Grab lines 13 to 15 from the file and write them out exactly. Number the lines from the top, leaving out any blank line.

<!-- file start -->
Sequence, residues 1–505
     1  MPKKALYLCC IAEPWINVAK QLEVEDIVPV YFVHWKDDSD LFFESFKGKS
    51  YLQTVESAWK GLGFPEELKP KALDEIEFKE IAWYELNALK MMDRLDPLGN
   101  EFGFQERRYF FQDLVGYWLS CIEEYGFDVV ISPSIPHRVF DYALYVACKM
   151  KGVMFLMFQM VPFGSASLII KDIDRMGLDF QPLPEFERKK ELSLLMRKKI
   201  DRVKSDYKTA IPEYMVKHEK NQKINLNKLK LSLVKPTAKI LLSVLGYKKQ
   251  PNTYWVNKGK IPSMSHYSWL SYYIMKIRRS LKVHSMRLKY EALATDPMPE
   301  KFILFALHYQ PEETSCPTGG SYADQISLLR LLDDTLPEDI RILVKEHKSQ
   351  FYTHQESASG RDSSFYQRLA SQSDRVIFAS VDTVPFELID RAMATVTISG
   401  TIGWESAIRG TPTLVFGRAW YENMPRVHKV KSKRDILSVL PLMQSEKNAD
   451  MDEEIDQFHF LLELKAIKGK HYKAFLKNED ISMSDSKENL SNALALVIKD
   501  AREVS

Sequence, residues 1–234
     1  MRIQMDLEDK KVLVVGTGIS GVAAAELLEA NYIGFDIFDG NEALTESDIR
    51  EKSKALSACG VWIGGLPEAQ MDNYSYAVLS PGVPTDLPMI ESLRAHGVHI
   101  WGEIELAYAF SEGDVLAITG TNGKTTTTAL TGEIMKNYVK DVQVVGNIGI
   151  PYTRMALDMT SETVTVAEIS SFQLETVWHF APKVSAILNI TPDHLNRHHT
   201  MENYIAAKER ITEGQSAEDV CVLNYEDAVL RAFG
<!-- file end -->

Sequence, residues 1–234
     1  MRIQMDLEDK KVLVVGTGIS GVAAAELLEA NYIGFDIFDG NEALTESDIR
    51  EKSKALSACG VWIGGLPEAQ MDNYSYAVLS PGVPTDLPMI ESLRAHGVHI